MOSCOW (Reuters) - England’s Round of 16 opponents Colombia may not be a major South American football force like Brazil or Argentina but Los Cafeteros have outscored both of them over the last two World Cups while having played fewer matches.
Many England fans were celebrating despite their team’s 1-0 loss to Belgium in their last group match that saw them finish second and set up a knockout game against the Colombians, as the path beyond the last 16 looks somewhat easier.
England could face Sweden or Switzerland in a potential quarter-final, while Belgium are surrounded by former champions Brazil, France and Argentina in the other half of the draw.
But a look at Colombia’s matches at this World Cup and the 2014 edition in Brazil reveals they have been more effective in total than their bigger South American opponents while also playing fewer games.
Led by world-class players such as James Rodriguez and Juan Cuadrado, but missing key striker Radamel Falcao in 2014, Colombia scored a total of 12 goals in five matches at the World Cup in Brazil, having reached the last eight.
Semi-finalists and hosts Brazil managed a goal less but played two more games than the Colombians at that tournament.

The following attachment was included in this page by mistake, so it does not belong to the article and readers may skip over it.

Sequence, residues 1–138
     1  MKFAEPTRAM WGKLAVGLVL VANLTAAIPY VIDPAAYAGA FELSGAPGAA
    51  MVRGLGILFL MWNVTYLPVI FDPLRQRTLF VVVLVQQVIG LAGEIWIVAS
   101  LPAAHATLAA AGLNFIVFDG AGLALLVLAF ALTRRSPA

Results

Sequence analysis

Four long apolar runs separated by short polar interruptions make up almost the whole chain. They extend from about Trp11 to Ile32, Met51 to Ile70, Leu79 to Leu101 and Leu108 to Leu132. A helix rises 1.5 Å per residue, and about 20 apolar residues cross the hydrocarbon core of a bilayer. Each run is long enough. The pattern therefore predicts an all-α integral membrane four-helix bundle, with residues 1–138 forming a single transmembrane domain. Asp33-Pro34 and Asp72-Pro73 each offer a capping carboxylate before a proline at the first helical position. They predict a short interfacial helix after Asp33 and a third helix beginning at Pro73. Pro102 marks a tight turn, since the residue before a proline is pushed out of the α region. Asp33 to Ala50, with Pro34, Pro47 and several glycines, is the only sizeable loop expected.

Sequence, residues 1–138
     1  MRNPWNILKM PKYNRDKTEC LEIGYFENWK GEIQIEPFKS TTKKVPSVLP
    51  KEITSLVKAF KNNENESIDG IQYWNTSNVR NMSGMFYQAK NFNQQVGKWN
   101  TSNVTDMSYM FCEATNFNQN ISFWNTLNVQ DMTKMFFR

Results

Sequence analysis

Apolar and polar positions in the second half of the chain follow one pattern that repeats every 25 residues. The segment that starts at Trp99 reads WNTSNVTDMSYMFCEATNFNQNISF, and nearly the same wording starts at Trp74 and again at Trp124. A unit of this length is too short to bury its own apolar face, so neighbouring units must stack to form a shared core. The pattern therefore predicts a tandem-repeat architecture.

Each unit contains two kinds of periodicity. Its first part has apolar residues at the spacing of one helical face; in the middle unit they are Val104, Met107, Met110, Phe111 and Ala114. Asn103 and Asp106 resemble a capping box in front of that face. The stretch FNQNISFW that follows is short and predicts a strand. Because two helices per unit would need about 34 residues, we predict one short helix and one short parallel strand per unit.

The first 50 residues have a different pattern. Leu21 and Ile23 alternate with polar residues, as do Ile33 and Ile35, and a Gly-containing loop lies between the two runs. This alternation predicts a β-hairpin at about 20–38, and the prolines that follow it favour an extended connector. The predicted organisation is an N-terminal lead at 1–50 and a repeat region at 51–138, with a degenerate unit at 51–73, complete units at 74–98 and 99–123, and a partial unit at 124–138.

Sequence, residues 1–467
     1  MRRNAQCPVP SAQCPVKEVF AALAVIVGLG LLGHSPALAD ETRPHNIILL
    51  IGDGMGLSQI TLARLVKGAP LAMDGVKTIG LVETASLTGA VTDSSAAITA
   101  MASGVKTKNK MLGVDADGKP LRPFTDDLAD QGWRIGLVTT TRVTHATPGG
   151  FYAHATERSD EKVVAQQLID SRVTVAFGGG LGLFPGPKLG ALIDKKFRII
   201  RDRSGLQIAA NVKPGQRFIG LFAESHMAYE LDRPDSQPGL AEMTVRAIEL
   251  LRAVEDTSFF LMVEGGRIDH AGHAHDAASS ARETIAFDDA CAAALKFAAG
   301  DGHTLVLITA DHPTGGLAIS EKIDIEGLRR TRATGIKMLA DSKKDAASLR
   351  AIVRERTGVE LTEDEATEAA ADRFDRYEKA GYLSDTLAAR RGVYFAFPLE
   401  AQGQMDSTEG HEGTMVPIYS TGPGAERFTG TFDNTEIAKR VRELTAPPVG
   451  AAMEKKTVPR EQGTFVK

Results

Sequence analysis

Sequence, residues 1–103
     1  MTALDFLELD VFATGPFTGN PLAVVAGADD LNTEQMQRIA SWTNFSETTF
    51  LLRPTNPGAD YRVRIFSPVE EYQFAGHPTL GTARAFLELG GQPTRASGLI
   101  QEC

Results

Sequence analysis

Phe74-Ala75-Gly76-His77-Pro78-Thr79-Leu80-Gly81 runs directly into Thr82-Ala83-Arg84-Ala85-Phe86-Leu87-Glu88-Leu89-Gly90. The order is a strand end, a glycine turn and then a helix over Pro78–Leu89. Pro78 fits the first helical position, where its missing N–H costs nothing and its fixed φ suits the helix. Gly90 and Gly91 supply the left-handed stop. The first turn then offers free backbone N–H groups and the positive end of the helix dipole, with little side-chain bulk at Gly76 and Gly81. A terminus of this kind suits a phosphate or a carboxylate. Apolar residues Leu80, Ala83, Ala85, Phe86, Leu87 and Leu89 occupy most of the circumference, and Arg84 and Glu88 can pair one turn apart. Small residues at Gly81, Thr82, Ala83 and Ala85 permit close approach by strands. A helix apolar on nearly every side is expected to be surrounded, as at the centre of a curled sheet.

Argentina, who lost the 2014 final to Germany, had an even lower tally of eight goals in seven matches in Brazil.
It is a similar story at the finals in Russia where Colombia, including Falcao this time, may have had some patchy performances but have still scored more goals than Argentina and notched as many as the highly-rated Brazilians, led by Neymar.
Lionel Messi’s Argentina only narrowly scraped into the knockout stage with a last-gasp goal against Nigeria, their third in three group games.
Brazil netted five times in Group E, including two stoppage-time goals to beat lower-ranked Costa Rica.
Were it not for Neymar, who has been involved in 19 goals in his last 18 appearances for Brazil (10 goals, 9 assists), their total count would certainly have been even lower.
Colombia go into the knockout stage having also scored five goals in their three group games and will have the support of tens of thousands of fans.
“For me, it’s going to be a brilliant game to be involved in,” said England coach Gareth Southgate. “It looked like Colombia had 30,000-40,000 fans in the stadium. I went to two of their games in Brazil, they were incredible occasions.”
“They have some top players, some top attacking players in particular,” he said. “But we also have some really good players who are full of belief and looking forward to this challenge.
England are looking to advance with their first knockout win in a tournament in 12 years.
Reporting by Karolos Grohmann; Editing by Ken Ferris